How often do authors not read their cites? One way to check is to look at suspiciously high citation rates of difficult-to-access things; if a thesis or book is not available online or is not available in many libraries, but it has racked up hundreds or thousands of citations, is it likely that so many time-pressed lazy academics took the time to interlibrary loan it from one of the only holding libraries rather than simply cargo-culting a citation? For example, David McClelland, one of the most cited psychologists of the 20th century & critic of standardized testing such as IQ, self-published through his consulting company a number of books1, which he cites in highly-popular articles of his (eg. 1973/1980/1994); several of these books have since racked up hundreds of citations, and yet, have never been republished, cannot be found anywhere online in Amazon / Google Books / Libgen / used book sellers, and do not even appear in WorldCat (!) which suggests that no libraries have copies of them—one rather wonders how all of these citers managed to obtain copies to read… But individual anecdotes, however striking, don’t provide an overall answer; perhaps “Achievement Motivation Theory” fans are sloppy (1991/1994/et al 2003 notes that if you actually read the books, McClelland’s methods clearly don’t work), but that doesn’t mean all researchers are sloppy.
This might seem near-impossible to answer, but bibliographic analysis offers a cute trick. In olden times, citations and bibliographies had to be compiled by hand; this is an error-prone process, but one may make a different error from another author citing the same paper, and one might correct any error on reading the original. On the other hand, if you cite a paper because you blindly copied the citation from another paper and never get around to reading it, you may introduce additional errors but you definitely won’t fix any error in what you copied. So one can get an idea of how frequent non-reads are by tracing lineages of bibliographic errors: the more people copy around the same wrong version of a citation (out of the total set of citations for that cite), the fewer of them must be actually reading it.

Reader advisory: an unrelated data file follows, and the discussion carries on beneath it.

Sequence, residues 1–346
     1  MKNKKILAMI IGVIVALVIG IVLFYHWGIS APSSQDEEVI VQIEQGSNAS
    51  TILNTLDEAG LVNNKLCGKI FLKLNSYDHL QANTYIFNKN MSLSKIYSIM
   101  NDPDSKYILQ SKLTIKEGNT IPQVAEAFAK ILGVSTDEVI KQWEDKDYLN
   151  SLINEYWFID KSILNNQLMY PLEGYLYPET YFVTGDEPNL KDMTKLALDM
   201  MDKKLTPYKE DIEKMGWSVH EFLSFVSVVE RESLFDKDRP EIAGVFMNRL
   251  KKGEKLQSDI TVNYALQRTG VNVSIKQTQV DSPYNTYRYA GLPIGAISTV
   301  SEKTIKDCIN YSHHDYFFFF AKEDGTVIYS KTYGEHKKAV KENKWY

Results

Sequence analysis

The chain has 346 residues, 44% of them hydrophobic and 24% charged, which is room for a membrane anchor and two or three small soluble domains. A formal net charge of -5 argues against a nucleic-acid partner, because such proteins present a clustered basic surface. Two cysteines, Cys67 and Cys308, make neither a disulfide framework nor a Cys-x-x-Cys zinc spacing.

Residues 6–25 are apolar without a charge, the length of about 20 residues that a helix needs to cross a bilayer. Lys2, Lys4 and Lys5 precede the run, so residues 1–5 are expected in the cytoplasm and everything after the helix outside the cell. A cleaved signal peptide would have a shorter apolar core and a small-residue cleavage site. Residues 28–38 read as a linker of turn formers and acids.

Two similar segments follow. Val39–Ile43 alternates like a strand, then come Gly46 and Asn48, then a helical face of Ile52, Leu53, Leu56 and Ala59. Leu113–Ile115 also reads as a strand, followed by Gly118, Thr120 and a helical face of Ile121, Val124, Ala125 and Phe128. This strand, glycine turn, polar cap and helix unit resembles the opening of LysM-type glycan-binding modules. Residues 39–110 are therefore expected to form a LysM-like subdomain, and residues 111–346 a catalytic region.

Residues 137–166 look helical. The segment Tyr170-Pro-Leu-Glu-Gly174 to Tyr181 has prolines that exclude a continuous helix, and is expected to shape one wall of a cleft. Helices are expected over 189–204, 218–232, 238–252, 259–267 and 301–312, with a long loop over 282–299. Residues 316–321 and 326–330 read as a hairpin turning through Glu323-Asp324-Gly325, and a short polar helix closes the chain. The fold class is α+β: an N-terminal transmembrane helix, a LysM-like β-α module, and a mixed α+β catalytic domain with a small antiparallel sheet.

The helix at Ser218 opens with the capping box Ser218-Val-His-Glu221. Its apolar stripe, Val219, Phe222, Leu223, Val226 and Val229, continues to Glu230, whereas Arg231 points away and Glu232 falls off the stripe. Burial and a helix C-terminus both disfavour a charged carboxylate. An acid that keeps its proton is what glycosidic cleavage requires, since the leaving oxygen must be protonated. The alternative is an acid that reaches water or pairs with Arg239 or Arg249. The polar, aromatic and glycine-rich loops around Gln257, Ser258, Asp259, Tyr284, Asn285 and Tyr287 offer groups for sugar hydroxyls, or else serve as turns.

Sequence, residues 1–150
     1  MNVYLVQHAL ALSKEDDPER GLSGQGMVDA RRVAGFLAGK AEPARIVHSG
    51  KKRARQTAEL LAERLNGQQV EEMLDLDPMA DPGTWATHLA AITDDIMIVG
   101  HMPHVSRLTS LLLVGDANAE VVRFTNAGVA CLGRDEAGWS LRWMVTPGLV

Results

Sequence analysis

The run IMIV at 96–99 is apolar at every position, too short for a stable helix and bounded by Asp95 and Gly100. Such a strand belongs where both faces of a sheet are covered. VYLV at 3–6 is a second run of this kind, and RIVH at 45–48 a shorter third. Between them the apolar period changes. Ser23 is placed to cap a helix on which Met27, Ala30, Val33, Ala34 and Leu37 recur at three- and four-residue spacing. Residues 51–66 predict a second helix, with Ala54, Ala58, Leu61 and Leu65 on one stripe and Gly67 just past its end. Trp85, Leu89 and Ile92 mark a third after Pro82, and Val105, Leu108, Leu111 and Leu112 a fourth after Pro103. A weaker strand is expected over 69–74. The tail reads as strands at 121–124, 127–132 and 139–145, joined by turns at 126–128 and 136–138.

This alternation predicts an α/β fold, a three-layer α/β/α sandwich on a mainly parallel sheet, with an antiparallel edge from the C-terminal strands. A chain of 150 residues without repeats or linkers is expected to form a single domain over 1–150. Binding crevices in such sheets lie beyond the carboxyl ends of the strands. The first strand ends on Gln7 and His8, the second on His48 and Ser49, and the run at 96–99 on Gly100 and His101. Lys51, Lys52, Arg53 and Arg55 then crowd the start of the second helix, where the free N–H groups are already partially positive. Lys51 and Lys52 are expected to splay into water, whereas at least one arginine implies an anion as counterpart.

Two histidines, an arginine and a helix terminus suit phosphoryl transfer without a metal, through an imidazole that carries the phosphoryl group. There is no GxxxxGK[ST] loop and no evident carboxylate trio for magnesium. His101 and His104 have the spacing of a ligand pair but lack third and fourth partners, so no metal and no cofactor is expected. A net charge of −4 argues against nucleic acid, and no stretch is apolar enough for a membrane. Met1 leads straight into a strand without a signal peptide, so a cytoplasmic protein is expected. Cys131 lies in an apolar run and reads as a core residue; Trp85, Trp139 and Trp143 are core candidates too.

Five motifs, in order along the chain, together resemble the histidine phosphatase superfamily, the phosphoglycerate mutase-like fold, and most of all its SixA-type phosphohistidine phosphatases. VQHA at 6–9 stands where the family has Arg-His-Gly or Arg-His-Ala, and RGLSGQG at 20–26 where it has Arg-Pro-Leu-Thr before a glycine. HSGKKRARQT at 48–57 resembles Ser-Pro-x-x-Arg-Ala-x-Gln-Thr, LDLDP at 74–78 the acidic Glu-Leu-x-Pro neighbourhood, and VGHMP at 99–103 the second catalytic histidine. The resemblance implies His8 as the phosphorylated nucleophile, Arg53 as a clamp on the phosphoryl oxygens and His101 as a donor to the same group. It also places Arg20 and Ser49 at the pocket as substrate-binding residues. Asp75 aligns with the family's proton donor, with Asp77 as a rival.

Such copied errors turn out to be quite common and represent a large fraction of citations, and thus suggests that many paper are being cited without being read. (This would explain not only why retracted studies keep getting cited by new authors, but also the prevalence of misquotation/misrepresentation of research, and why leprechauns persist so long.) Simkin & Roychowdhury venture a guess that as many as 80% of authors citing a paper have not actually read the original (which I feel is too high but I also can’t strongly argue with given how often I see quote errors or omissions when I check cites). From “Citation Analysis”, 2007:
Garfield (1990, p. 40) reviewed a number of studies dealing with bibliographic errors and concluded, that “to err bibliographically is human.” For instance, in a study of the incidence and variety of bibliographic errors in six medical journals, De Lacey, Record, and Wade (1985) found that almost a quarter of the references contained at least one mistake and 8 percent of these were judged serious enough to prevent retrieval of the article. 1989 examined discrepancies between 4,500 papers from five scientific journals and approximately 25,000 articles that cited these papers, finding that almost 10 percent of the citations in the cited reference dataset showed a discrepancy in either the title, the author name, or the page number. They concluded that one cause for the multiplication of errors seemed to be authors’ copying of erroneous references from other articles. Broadus (1983) came to the same conclusion in a study of a 1975 textbook on sociobiology that included among its references an erroneous reference to a 1964 article (one word was incorrectly substituted in the title). By examining 148 subsequent papers that cited both the book and the article, Broadus could see how many authors repeated the book’s mistaken reference. He found that 23 percent of the citing authors also listed the faulty title. A similar study by 2003 reported an almost 80-percent repetition of misprints.